Coworking spaces are another “lean” alternative and I have first-hand experience since we have our two-day strategy meetings at the coworking space my business partner Markus helps to run. They offer inexpensive desk space as well as other important infrastructure like a printer and a fridge stocked with Club Mate. They also provide something I didn’t realize I was missing at first: social interaction. Joining folks for lunch or just having a chat while waiting for the coffee to brew can be a healthy break from self-imposed isolation and an opportunity to exchange thoughts.

Unfortunately, there is no real coworking space in my home town. But there’s a company that does office sharing on a daily or monthly basis, and I’ve decided to give them a go. After a test period of a few days, I got myself a good office chair and a big monitor and moved in permanently. So, this is how my work place looks now:

My new office

I use the screen in the middle for my current task, the laptop screen on the right displays chat windows connecting me with colleagues and customers, and the one on the left shows a dashboard view of our IT infrastructure.

My triple-screen setup

So far, I’m really happy working at this office community. The building is in the city centre, about 50m from my favourite Starbucks – in other words, perfectly located. My office mates are nice and their different occupations make for interesting chats.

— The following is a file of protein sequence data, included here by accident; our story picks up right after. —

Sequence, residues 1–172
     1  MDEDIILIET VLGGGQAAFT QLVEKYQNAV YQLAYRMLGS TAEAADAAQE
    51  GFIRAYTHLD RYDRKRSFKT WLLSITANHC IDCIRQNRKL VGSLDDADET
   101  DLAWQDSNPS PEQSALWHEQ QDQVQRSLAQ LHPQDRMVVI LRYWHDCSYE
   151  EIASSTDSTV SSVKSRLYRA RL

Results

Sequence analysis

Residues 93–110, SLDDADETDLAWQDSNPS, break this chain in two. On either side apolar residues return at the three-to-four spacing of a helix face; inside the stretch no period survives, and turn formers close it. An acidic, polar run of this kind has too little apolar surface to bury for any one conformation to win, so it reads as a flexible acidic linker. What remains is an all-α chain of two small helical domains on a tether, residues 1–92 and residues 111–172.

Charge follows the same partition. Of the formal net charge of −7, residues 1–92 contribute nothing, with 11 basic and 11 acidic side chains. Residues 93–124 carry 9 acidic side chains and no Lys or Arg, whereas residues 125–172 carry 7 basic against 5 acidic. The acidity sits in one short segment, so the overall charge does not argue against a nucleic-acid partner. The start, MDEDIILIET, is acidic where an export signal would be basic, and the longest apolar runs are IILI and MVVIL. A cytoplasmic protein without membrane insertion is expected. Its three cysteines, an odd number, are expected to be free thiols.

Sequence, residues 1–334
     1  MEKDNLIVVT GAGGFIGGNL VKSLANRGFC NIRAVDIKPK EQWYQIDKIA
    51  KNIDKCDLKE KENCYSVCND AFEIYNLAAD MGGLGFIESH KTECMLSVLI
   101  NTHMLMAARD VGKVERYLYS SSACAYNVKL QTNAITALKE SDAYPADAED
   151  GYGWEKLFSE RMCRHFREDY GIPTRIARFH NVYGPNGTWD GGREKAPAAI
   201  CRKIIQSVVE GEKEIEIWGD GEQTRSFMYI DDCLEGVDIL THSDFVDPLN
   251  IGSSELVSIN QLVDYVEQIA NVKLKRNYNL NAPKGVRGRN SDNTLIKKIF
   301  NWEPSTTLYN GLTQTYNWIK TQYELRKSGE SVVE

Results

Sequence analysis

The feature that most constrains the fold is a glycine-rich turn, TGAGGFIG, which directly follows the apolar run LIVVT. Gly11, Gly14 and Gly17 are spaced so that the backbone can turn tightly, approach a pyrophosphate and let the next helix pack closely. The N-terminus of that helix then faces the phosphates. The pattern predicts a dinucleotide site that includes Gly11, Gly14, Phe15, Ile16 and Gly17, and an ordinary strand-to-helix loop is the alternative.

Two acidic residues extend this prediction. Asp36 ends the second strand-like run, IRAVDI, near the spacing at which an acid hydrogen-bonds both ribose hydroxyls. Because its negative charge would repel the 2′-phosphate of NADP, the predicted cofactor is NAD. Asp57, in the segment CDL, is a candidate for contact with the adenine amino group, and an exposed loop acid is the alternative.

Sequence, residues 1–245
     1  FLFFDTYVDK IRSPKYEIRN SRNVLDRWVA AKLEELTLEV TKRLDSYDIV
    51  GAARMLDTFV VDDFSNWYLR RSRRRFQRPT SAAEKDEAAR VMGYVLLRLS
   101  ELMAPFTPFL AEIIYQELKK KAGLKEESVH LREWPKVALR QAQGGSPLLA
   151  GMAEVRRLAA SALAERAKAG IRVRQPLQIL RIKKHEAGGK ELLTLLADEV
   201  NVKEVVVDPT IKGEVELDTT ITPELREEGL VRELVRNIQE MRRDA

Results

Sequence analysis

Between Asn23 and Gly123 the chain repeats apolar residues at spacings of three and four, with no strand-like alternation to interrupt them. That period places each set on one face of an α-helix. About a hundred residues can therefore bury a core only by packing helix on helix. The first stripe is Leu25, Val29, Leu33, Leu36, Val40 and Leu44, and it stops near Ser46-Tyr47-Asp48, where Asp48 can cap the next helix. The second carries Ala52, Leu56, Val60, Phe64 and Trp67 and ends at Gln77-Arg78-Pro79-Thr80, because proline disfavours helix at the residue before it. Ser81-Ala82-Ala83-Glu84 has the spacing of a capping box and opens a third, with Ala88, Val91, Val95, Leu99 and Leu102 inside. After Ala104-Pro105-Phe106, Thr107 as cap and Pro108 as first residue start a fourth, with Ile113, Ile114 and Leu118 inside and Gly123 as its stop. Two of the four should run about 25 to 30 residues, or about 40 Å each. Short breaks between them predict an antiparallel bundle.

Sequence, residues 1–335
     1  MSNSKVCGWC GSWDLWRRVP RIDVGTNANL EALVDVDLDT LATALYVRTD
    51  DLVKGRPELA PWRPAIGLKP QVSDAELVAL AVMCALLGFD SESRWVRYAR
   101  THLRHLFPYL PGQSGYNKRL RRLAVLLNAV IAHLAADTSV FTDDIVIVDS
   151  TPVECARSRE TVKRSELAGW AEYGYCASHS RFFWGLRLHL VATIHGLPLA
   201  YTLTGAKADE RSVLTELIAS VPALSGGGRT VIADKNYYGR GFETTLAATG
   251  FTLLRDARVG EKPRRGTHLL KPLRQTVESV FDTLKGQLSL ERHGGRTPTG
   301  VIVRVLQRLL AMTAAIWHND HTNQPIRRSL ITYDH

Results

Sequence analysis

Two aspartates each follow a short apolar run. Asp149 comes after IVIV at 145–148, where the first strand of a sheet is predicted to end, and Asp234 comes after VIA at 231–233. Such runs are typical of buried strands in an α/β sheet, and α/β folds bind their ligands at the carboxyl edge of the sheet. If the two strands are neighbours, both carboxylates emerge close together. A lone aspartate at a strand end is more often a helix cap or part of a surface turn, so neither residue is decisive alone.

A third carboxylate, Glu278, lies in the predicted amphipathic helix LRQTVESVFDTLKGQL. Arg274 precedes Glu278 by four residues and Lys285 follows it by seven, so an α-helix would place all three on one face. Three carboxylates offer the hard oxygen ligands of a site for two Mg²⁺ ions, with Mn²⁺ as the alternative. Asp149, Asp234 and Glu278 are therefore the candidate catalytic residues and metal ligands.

I can work there whenever I want, too – I wrote this blog entry at the office on a Sunday afternoon. I was in need of some solitary time, so I first had a Chai Tea Latte at Starbucks, where I read the second half of Steven Pressfield’s “Turning Pro”. His writing in turn motivated me to get something done myself, so I went the few steps to my desk and started typing. Now I feel balanced again.

Productive virtual meetings

At freistil IT, we’re not sharing an office. Instead, our work environment is completely virtual. “Coming into office” means logging in to our internal chat server – from home, from a coworking space or (quite frequently, in my case) from Starbucks. On our IRC server, we have channels for different purposes, for example the “virtual watercooler” without a pre-defined topic, or the “#incident” channel where we manage an ongoing systems outage.